Watch and see what the Lord will do.   Meanwhile, here's what you can do:

"Rejoice in the Lord always: and again I say, Rejoice.
Let your moderation be known unto all men. The Lord is at hand.
Be careful for nothing; but in every thing by prayer and supplication with thanksgiving let your requests be made known unto God.
And the peace of God, which passeth all understanding, shall keep your hearts and minds through Christ Jesus.
Finally, brethren, whatsoever things are true, whatsoever things are honest, whatsoever things are just, whatsoever things are pure, whatsoever things are lovely, whatsoever things are of good report; if there be any virtue, and if there be any praise, think on these things" (Phil. 4).

Sunday, March 9, 2014

Do the Math! The Parable of the Unmerciful Servant

    In studying the parables, I like to look at what Jesus is teaching before the story.  In Matthew 18, Jesus calls a little child whose humility demonstrates what is essential for greatness in heaven.  He denounces those who would cause these "little ones" to sin  and how if any part of you causes you to sin, get rid of it.  He continues with "See that you do not look down on one of these little ones," and how their angels in heaven are always watchful.  He tells a parable about a man who diligently searches for one sheep who has wandered off from the flock, and how His Father is "not willing that any of these little ones should be lost."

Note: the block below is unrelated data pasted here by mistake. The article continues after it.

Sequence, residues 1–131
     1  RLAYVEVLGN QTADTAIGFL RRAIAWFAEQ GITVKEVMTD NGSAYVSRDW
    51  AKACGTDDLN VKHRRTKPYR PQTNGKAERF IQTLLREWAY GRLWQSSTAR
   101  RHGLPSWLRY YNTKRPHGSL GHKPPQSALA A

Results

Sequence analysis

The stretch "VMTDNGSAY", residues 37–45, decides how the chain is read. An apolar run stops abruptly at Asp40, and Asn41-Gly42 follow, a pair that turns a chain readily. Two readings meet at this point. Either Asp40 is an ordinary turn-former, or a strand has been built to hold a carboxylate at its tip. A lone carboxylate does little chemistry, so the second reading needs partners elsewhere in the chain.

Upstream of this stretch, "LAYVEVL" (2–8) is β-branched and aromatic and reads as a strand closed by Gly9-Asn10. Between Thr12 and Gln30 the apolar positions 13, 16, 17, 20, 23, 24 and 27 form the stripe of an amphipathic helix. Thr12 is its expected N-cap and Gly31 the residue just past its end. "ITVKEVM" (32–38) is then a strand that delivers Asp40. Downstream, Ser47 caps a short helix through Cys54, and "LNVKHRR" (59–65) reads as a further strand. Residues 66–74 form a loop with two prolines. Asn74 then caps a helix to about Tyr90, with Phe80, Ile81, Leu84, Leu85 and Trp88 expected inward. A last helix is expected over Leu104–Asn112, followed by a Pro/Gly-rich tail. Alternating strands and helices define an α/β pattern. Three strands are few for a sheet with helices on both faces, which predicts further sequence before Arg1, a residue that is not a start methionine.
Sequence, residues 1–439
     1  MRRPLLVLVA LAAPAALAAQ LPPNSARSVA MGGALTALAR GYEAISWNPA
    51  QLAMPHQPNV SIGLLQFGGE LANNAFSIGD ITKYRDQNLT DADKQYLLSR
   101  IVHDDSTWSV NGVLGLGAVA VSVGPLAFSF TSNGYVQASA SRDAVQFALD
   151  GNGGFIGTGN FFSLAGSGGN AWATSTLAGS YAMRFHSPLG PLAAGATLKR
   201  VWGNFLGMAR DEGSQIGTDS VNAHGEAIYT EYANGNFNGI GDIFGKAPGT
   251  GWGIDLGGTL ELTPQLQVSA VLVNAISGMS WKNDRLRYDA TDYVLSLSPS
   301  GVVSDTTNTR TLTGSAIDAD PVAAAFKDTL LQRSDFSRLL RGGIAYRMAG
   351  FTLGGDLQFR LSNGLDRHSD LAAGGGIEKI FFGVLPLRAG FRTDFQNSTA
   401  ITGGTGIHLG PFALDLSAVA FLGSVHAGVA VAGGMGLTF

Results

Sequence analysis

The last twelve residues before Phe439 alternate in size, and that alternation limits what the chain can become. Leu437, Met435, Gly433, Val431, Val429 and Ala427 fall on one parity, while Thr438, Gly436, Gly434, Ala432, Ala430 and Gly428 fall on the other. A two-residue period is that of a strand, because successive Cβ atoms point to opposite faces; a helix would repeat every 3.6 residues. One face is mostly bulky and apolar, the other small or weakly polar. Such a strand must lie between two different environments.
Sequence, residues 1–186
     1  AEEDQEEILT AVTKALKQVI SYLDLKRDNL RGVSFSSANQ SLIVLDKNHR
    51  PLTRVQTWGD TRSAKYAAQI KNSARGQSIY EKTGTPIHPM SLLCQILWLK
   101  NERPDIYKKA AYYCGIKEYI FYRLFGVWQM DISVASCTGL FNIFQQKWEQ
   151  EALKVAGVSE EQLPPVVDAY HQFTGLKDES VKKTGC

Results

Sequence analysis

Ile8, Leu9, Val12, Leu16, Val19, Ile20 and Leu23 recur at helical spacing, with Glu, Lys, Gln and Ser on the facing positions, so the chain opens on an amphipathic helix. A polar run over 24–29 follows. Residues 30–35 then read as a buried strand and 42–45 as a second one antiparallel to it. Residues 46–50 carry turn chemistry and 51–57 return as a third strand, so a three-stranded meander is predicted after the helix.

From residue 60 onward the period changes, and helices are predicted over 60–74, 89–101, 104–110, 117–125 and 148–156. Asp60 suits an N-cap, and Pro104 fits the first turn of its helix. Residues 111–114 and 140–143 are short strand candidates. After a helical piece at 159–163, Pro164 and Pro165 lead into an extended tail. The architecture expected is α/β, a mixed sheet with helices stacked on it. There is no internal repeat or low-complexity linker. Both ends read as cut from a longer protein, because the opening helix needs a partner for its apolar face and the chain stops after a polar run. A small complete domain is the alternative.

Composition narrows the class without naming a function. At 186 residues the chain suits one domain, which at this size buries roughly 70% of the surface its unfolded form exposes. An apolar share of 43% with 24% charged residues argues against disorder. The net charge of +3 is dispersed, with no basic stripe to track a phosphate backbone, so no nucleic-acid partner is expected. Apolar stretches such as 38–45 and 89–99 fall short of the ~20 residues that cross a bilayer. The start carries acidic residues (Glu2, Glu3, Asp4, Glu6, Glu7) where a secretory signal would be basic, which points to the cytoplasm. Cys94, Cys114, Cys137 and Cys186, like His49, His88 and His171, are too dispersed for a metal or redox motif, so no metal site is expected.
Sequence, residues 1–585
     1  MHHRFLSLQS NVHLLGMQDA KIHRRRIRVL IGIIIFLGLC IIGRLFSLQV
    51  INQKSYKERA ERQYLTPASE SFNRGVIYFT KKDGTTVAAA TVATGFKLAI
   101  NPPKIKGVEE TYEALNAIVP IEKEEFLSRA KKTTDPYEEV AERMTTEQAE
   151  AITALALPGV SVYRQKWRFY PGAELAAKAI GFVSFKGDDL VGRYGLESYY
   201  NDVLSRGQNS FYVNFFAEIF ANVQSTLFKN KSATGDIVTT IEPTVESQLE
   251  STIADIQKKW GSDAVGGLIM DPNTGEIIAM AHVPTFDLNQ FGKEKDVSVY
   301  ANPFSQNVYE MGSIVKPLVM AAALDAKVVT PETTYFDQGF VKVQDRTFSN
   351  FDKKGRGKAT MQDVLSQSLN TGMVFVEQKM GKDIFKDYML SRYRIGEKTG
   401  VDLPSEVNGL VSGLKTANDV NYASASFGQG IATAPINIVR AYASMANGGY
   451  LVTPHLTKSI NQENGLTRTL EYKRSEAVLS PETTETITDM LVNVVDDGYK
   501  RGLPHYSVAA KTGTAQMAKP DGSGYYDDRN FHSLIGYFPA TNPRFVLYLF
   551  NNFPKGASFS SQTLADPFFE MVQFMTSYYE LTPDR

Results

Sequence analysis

Wow.  Children, who are the weakest members of any society, have a special place in Jesus' heart.  Their love and faith brings a smile to the Father's heart, and they become a model for us.  Jesus then starts to teach about if a brother sins against you, what are you to do?  Most people do not have that child-like humility, and if we want to serve Him, forgiveness must be part of our daily lives.  Listen to Jesus' plan of restoration:  “If your brother or sister sins, go and point out their fault, just between the two of you. If they listen to you, you have won them over. But if they will not listen, take one or two others along, so that ‘every matter may be established by the testimony of two or three witnesses.’  If they still refuse to listen, tell it to the church; and if they refuse to listen even to the church, treat them as you would a pagan or a tax collector."